Given the small size of EVs, they are capable of crossing major biological barriers such as the blood-brain barrier, and thus provide interesting prospects for therapeutic packaging and regulation (40–42). It is now well-recognized that EVs have a wide range of pleiotropic functions in multiple biological processes. For example, in an in vitro model of cardiovascular disease, EVs isolated from TNFα-induced human vascular endothelial cells (HUVEC) were taken up by monocytes and un-induced HUVEC, promoting an inflammatory response (13, 43, 44). Hosseinkhani et al. reported a select increase in IL6, IL8, and ICAM1 levels in un-induced HUVEC after co-incubation with EVs isolated from TNFα-induced HUVEC, while THP1 cells showed an increase in ICAM1, MIP1β, CCL5, and CXCL10 levels (13). The change in THP1 inflammatory mediators by EVs led to an increase in monocyte adhesion and migratory function. Another interesting study reported that exosomes isolated from mesenchymal stem cells (MSCs) of human umbilical cord treated with interferon (IFN)γ or a combination of TGFβ plus IFNγ contained increased levels of TGFβ, IDO, IL10, and IFNγ that, when incubated with PBMCs, resulted in increased numbers of Tregs (45).
In HIV-positive individuals, cytokines were found to be markedly enriched in exosomes and exposure of these exosomes to purified naïve peripheral blood mononuclear cells (PBMCs) resulted in the induction of CD38 expression on naïve and central memory CD4+ and CD8+ T cells, likely contributing to viral propagation via activation of bystander cells (30). An independent study characterizing plasma EVs from HIV-positive individuals found increased oxidative stress markers that correlated with an IFN gene signature and immune activation (28). Another interesting immunologic function for EVs was discovered in the placenta as a mechanism to regulate immunity against the fetus during pregnancy. Holder et al. reported that macrophage-derived exosomes containing IL6 and IL8 were actively transported into the human placenta to stimulate placental cytokines (46).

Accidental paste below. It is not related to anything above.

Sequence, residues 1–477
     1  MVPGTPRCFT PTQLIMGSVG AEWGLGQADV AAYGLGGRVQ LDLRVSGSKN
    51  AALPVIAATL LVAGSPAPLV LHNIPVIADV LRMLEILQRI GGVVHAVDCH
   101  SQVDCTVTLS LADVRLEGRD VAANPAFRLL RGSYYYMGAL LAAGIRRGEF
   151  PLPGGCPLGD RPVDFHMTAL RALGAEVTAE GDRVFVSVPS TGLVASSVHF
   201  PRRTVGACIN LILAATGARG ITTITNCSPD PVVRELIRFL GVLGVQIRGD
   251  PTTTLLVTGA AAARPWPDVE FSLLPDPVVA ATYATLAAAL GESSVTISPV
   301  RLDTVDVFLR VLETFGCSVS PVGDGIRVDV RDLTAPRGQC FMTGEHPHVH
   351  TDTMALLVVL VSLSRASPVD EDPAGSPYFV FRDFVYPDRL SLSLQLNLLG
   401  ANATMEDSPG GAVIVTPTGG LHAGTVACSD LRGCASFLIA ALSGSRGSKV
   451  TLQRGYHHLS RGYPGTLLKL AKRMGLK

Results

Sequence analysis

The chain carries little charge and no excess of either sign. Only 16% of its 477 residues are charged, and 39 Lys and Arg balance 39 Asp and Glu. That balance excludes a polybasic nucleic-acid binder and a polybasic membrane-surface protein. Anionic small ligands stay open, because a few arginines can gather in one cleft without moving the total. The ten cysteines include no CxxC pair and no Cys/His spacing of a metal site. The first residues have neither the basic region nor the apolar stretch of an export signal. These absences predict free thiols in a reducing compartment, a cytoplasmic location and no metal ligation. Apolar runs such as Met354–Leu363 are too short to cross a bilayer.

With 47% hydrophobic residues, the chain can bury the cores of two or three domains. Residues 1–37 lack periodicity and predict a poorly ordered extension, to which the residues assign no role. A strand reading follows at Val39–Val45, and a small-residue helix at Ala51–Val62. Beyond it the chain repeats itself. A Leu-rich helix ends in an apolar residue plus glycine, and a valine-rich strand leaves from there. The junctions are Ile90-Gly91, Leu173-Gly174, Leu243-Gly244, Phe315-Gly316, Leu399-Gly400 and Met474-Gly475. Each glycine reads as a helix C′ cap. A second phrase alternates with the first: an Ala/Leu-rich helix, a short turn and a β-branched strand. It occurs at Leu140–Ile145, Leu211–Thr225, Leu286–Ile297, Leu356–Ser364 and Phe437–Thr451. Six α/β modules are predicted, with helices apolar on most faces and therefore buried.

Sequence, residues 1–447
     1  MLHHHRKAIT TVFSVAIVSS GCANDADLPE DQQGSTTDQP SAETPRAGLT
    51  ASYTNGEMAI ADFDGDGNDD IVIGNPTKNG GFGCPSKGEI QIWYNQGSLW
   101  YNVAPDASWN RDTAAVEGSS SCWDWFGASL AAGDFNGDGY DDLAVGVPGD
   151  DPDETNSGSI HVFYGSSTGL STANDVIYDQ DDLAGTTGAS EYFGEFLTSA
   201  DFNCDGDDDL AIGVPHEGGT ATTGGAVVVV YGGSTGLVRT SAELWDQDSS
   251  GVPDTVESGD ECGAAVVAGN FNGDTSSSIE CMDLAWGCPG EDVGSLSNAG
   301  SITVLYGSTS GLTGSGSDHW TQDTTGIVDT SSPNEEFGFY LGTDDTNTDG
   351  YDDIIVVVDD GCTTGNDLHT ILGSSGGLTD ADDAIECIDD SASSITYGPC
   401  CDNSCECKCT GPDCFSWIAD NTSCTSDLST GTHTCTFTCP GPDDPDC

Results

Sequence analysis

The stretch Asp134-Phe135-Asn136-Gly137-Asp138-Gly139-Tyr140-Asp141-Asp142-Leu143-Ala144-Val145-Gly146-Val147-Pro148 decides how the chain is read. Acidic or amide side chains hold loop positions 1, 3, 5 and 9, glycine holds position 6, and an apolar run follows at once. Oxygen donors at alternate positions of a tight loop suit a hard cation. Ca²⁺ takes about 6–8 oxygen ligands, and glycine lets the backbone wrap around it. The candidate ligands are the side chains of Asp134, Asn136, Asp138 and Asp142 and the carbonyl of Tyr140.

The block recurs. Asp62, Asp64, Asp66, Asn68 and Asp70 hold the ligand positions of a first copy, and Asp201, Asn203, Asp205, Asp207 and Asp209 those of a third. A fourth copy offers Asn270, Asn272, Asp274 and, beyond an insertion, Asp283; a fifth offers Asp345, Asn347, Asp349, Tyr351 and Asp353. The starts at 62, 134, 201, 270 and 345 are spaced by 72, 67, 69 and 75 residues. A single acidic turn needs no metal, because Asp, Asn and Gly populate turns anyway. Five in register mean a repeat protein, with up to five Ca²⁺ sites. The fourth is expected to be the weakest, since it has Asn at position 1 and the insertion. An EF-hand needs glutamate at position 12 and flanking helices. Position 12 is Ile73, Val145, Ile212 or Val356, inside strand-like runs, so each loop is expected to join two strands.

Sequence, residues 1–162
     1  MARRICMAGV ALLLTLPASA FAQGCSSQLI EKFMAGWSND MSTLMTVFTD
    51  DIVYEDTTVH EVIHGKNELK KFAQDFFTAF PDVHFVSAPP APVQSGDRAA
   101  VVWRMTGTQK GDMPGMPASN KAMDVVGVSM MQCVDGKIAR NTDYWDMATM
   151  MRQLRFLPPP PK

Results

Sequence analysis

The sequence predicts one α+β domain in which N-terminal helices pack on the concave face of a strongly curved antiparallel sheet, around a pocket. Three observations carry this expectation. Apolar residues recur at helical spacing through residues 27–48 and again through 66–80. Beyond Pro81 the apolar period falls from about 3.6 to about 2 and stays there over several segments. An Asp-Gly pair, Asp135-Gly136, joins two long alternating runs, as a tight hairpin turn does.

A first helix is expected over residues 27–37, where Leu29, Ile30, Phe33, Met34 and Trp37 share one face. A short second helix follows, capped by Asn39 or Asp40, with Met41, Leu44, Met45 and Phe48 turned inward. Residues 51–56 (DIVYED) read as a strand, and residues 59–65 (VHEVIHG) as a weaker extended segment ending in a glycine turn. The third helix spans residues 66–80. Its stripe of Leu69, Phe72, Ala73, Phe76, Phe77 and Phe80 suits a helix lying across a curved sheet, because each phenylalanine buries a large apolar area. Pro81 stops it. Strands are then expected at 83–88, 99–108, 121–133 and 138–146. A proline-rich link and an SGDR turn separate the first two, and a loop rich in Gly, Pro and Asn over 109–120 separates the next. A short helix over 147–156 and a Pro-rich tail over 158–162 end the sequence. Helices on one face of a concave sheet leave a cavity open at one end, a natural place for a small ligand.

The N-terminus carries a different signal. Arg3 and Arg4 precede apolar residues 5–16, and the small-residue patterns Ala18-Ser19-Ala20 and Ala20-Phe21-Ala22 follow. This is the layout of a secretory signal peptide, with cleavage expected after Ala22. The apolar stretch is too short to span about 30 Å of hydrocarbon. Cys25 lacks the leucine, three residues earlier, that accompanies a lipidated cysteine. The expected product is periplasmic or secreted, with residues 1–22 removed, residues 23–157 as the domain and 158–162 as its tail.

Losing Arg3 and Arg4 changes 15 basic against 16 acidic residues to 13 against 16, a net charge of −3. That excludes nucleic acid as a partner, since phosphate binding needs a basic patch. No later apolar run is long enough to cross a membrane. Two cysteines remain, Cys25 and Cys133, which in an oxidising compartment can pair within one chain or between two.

EV-Associated Cytokines in Autoimmune Disease
Recent evidence supports that EVs can mediate immune stimulation or suppression and can drive inflammatory, autoimmune and infectious disease pathology (47–49). One of the mechanisms by which EVs can drive autoimmune disease is that they serve as carriers of pathogen-associated and damage-associated molecular patterns (PAMPs and DAMPs, respectively), as well as cytokines, autoantigens and tissue-degrading enzymes (48). Indeed, synovial EVs from patients with RA were found to contain citrullinated proteins and, in the autoimmune disease systemic lupus erythematosus (SLE), EVs could serve as autoantigens in the formation of immune complexes (50–54). In addition, cytokines, such as IL6, are highly implicated in the development and progression of multiple autoimmune diseases whose production can be regulated by EV packaging and secretion. The role of IL6 in autoimmune disease pathogenesis is due in part to its influence on CD4+ T cell lineage and regulation [reviewed in (55)]. We provide examples in the above sections of how IL6 packaging and secretion in EVs can be regulated by different stimuli.
Another cytokine that contributes to autoimmune disease pathogenesis is TNFα. High levels of circulating TNFα are a major driver of RA. Interestingly, a membrane-bound form of TNFα was recently detected from individuals with osteoarthritis (19). The premise that EVs package cytokines that contribute to the amplification of an immune response was supported by work from Obregon et al. revealing the presence of large amounts of TNFα packaged into EVs derived from LPS-activated dendritic cells (DCs). These EVs also contained MHC II, CD40, CD83, TNFR1, and TNFR2 and were internalized by epithelial cells that became activated to release cytokines and chemokines such as IL8, MCP1, MIP1β, RANTES, and TNFα (56). In another related study, Zhang et al. identified a membrane bound form of TNFα on exosomes produced from synovial fibroblasts of patients with RA. These exosomes were found to activate Akt and NFκB pathways and rendered T cells resistant to undergo apoptosis; the authors proposed that this contributed to T cell-mediated pathology in RA (19). Figure 1 provides an overview of these mechanisms through which EVs expressing TNFα modulate autoimmunity.
Figure 1. Modulation of autoimmunity by extracellular vesicles expressing TNFα. (A) Fibroblast-derived EVs containing TNFα modulate T cell function in the synovium of patients with rheumatoid arthritis. (B) Stimulation of dendritic cells with LPS induces the packaging and secretion of specific EV-associated cytokines that themselves, induce a downstream effect(s) on cytokine production from epithelial cells.